On Tuesday 15 March, Genazzano FCJ College welcomed back alumnae Sarah Kennedy, founder of the Sisterhood of St Vincent’s, and Rebecca Martin, St Vincent’s Foundation Events Manager, to promote and celebrate an exciting collaboration between the Genazzano Institute and the Sisterhood of St Vincent’s – promoting women working in Health, Science, Engineering and Medicine.
The event, hosted by Rebecca MacFarling, Deputy Director of the St Vincent’s Foundation, was designed to provide an overview for students towards career pathways in health, science, engineering, medicine and philanthropy. The event stimulated important discussion about empowering women and removing the gender bias.
Students heard from a number of guest speakers including St Vincent’s Foundation staff, Associate Professor Claudia Di Bella and Year 11 student, Ariyana Farik. She skilfully hosted a Question-and-Answer session to delve deeper into ideas around the importance of philanthropy, the role of women and how students can be involved.
The afternoon session saw enthusiastic students work in teams on real world projects to develop skills in planning, teamwork, promotion and fundraising.
Associate Professor Di Bella shared some of her journey as an orthopaedic surgeon, the gender gap in medical professionals and encouraged students to pursue their passions regardless of whether there are female role models in the field.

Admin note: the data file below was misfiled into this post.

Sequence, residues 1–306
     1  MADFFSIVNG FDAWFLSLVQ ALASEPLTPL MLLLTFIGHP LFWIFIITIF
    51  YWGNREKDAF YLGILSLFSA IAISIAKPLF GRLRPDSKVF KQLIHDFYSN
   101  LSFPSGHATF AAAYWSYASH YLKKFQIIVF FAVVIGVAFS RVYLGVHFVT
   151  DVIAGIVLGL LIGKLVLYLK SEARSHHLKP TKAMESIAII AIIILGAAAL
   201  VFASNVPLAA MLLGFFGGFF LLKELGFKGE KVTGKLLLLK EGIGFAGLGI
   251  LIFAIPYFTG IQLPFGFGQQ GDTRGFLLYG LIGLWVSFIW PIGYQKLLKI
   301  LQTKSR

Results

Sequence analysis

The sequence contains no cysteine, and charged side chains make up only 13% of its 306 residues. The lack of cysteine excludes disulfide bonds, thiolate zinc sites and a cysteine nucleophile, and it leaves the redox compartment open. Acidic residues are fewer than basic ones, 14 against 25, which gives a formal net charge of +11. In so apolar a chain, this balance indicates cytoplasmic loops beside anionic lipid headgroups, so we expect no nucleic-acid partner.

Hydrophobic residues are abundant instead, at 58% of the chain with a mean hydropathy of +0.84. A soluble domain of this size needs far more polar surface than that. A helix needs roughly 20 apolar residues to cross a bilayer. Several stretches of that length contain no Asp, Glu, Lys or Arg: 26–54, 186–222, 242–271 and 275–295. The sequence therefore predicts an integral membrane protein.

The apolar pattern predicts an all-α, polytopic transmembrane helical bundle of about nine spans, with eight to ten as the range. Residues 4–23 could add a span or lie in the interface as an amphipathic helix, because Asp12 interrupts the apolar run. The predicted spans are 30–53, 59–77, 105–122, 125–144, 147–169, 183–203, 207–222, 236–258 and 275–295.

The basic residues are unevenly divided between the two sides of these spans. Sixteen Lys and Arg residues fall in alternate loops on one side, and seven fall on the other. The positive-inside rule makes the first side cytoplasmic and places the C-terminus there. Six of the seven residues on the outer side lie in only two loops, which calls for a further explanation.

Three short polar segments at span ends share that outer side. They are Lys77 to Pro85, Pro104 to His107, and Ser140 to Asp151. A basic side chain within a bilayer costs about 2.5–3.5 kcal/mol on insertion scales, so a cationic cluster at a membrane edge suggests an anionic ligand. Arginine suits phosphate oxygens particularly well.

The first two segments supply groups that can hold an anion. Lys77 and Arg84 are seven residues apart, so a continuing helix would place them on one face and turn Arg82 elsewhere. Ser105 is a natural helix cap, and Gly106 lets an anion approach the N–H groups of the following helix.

Ms Forster spoke about the importance of volunteering to gain experience and to give; and the joy she receives from her role in events and supporting health and the community.
Sarah Kennedy spoke about the values she learnt at school, the power of women to make a difference and why she was inspired to support the hospital.
Rebecca Martin spoke about her time at Genazzano and subsequent career path through to her work as Events Manager at the St Vincent’s Foundation. She presented the exciting work of the AMCD (currently in development) and the need for fundraising.
Principal, Mrs Loretta Wholley, commented on the partnership and importance of learning for this third millennium.
“Learning in 2022 is very different from what it was 10 years ago, even two years ago. We need to continue to provide exciting options for students to expand their knowledge outside the traditional classroom model.
“Providing these sorts of opportunities for girls now, enables them to make informed choices about the electives they study in their senior years at school and the career paths are available to them. And who better to share these opportunities than previous Gen Girls.”
Students thoroughly enjoyed the day and the chance to immerse themselves in different topics. Volunteering, pursuing a career in STEM, planning a charity event, teamwork, collaboration, communication, budgeting, website development, innovative bioprinting pens and giving back to the community, were just some of the highlights Year 9 students shared when asked what they learnt from the day.
“Today's activities have given me a new perspective into philanthropy as it has demonstrated easy ways for me to contribute to society, such as volunteering.”
“I was someone who thought I couldn't do anything because I didn't have money to donate and the like; but I've found out how I can be philanthropic as a Year 9 student and how to progress if I want to go into a career that involves helping others.”
“This has given me an insight into the true efforts of those who plan philanthropic events and what it really means to be a 'philanthropist'. The work of St Vincent's is revolutionary and has encouraged me to get involved where I can and to lend my time to a worthy cause. If I pursue a career in medicine, there were so many influential women here who have inspired me.”